We are not sitting at the breakfast table watching Jim Cantore tell us the story of a developing hurricane, its potential paths of destruction, and deciding if we might leave, if we might stay, and await the mighty force of nature to descend upon us. We don’t have a real option. There are no choices. Where would we go?

We are not leaning over the back of a fishing boat, holding an expensive rod and reel, pulling and fighting with the biggest fish you’ve ever seen, when dark clouds form on the horizon, the waves start to roll, and the captain says do you want to get back to Silver Lake Harbor? We don’t have a choice. Because where would we go?

When we have come this far, where would we go?

Look to Jesus-not the antiseptic, deodorized, whitewashed Jesus of popular culture. I’m talking about the Jesus we meet in the Bible. Look at Jesus, right here in John 6. Jesus, who was called offensive and harsh because he said controversial things like life isn’t all it’s cracked up to be. Jesus was called harsh for asserting life exists beyond reality as we know it and that love can change the world beyond life as we know it. It sounds crazy to us that people would come down on the Son of God; Jesus of Nazareth for saying life exists beyond reality as we know it. But here’s what’s crazier, we do the same thing today. In ways large and small, we take the blessed realities of Christian and love and condemn them as unworkable, unfeasible, and unnecessary plans.

When we have come this far, where would we go?

We don’t give up, we don’t give in, and we keep going. Because where would we go?

But to Jesus

Because where we’re going, the nightmare of human brokenness is being shattered by God’s dream of human goodness. The frayed fibers of humanity, the torn patchwork quilt of human civilization, can go nowhere but to a loom, a loom that heals and welcomes all colors, shapes, and sizes of fabric. Where would we go?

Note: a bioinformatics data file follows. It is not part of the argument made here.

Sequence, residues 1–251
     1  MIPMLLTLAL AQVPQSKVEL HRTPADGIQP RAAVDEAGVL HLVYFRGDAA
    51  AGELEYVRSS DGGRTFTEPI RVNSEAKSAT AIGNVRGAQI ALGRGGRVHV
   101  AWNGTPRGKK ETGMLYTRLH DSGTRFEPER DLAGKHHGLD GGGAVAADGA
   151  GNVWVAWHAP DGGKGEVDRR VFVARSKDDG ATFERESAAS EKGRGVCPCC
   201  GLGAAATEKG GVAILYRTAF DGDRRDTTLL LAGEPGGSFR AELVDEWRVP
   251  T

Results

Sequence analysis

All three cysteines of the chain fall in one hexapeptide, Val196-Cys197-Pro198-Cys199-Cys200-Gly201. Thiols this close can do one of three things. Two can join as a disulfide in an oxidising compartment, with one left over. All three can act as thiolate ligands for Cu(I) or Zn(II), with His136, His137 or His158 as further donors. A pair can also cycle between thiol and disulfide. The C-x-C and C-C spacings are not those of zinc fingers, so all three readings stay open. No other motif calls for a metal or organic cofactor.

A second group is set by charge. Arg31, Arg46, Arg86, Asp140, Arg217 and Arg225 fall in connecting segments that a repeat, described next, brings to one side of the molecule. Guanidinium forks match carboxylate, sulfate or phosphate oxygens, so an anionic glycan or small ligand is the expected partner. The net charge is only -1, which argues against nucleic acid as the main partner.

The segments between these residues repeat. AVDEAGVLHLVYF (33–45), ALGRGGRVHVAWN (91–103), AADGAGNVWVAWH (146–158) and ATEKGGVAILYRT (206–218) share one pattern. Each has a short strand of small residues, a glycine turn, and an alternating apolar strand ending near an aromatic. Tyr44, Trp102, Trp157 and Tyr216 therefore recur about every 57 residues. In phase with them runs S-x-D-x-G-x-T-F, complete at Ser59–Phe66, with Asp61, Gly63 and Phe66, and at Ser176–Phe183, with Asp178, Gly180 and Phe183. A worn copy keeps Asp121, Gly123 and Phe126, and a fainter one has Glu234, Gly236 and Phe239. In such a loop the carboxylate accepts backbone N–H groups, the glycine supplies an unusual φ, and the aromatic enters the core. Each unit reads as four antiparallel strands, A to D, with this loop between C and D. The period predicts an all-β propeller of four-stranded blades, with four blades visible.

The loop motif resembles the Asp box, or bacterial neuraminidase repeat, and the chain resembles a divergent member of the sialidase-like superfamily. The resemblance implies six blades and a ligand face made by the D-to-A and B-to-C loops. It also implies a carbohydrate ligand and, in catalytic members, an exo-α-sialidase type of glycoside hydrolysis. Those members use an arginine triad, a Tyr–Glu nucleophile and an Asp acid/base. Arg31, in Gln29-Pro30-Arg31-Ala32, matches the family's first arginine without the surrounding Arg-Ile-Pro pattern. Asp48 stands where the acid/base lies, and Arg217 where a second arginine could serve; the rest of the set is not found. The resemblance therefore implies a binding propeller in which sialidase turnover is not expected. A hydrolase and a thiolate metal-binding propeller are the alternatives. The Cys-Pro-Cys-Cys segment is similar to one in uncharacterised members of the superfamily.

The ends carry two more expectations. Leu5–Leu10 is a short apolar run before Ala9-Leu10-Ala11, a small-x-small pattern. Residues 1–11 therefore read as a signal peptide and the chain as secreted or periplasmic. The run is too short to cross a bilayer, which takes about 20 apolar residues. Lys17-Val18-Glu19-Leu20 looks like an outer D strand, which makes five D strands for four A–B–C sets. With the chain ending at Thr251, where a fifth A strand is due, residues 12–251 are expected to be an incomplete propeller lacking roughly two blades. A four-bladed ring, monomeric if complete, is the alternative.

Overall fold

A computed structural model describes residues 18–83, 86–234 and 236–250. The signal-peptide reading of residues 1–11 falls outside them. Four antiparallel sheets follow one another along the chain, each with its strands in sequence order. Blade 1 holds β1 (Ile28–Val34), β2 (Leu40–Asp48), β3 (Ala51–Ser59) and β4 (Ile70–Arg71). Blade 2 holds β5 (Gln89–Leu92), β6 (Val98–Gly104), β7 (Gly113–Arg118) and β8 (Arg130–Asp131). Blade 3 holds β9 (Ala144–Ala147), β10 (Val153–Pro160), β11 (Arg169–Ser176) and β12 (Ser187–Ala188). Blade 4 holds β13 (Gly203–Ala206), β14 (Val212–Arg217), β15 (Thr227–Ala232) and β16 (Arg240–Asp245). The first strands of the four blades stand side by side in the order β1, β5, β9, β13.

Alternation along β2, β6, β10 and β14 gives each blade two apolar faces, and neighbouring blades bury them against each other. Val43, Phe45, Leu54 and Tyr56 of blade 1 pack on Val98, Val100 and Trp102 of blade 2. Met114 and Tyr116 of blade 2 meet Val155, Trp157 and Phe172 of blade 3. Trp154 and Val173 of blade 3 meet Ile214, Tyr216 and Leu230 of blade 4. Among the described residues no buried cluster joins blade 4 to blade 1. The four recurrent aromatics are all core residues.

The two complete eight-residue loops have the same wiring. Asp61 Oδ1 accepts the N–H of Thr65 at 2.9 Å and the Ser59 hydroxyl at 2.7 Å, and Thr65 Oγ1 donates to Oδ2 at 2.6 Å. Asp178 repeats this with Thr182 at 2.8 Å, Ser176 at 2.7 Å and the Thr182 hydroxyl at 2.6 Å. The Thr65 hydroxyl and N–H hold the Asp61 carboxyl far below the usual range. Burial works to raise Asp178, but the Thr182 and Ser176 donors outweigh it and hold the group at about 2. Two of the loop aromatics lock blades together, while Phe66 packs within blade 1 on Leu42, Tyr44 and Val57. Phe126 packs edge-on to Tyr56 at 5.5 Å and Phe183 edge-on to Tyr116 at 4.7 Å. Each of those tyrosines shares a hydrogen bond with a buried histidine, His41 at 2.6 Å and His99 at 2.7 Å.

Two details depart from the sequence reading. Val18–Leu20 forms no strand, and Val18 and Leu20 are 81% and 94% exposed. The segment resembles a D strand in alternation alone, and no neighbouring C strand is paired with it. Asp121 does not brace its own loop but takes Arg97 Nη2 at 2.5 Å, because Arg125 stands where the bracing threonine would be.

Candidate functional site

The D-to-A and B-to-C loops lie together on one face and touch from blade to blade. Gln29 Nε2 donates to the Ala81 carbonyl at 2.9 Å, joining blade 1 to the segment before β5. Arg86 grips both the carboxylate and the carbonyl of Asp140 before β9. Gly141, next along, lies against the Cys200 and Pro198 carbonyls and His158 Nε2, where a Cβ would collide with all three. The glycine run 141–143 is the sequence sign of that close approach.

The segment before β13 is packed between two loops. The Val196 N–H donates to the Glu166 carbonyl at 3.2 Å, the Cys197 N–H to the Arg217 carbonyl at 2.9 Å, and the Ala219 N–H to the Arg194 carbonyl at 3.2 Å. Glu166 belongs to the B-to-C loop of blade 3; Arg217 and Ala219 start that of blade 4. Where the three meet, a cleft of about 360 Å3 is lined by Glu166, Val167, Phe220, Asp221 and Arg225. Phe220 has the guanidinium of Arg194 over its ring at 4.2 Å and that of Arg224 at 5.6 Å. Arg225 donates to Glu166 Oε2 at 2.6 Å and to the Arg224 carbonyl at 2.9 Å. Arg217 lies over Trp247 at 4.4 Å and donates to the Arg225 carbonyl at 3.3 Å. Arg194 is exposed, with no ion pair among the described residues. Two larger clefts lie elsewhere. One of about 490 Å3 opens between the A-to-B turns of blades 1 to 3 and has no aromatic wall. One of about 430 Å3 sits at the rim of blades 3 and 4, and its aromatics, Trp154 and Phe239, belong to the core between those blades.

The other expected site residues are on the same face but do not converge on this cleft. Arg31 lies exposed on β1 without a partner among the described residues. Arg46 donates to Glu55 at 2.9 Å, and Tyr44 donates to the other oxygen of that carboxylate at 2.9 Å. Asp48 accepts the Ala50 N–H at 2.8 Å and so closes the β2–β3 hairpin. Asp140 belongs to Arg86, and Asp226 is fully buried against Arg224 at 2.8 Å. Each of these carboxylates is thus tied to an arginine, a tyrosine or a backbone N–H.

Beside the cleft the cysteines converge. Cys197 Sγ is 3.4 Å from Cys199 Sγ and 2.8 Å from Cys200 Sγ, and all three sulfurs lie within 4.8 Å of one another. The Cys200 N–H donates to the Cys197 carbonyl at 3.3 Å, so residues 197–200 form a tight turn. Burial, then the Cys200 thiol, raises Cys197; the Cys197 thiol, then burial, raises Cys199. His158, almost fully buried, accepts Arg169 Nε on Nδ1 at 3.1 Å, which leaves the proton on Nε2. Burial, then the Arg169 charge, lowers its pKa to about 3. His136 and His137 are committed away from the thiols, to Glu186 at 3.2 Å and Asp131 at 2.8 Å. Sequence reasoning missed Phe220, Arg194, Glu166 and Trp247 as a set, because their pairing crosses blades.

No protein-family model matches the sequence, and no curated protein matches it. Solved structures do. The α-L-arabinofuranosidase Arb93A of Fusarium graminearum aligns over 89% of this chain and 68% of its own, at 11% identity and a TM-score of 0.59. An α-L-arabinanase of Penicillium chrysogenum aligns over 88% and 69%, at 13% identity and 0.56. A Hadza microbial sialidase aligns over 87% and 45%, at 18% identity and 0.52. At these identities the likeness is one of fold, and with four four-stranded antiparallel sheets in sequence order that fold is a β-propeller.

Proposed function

We’ve come this far, where else would we go?

Food for Thought-Let’s Stir Things Up — August 21, 2015

Food for Thought-Let’s Stir Things Up

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1. If you worship a resurrected man on Sunday mornings, you’ll know scars, bruises, blood, and struggles matter.  But not if you worship a body-less God who lives only in our imaginations and old paintings and never lived as a human being.

2. If you worship a man brutalized by violence on Sunday mornings, you’ll condemn violence everywhere (at Planned Parenthood, on Death Row, in Iraq, Iran, Syria, and Afghanistan, perpetuated by Americans, by bad policing, and senseless criminal acts-violence perpetuated by anyone). But not if you worship a God who is violent.

3. If you worship a poor man, an impoverished Galilean carpenter, on Sunday mornings, you’ll see the injustice of poverty all around you. But not if you worship a God of wealth.

4. If you worship a Middle Eastern man, a man who was a person of color, brown skinned, born of an unwed teenage mother, on Sunday mornings; you’ll be outraged, bothered, frustrated, annoyed, disturbed, left off kilter, and moved when people who look like Jesus (persons of color, people with brown skin, children of single mothers, children of color) are regularly killed on the dusty altars of our angry civilization. Of course, if you worship a white God, this won’t happen.

Food for Thought-The Text is Political 1 Kings 8 (Solomon Continued) — August 17, 2015

Food for Thought-The Text is Political 1 Kings 8 (Solomon Continued)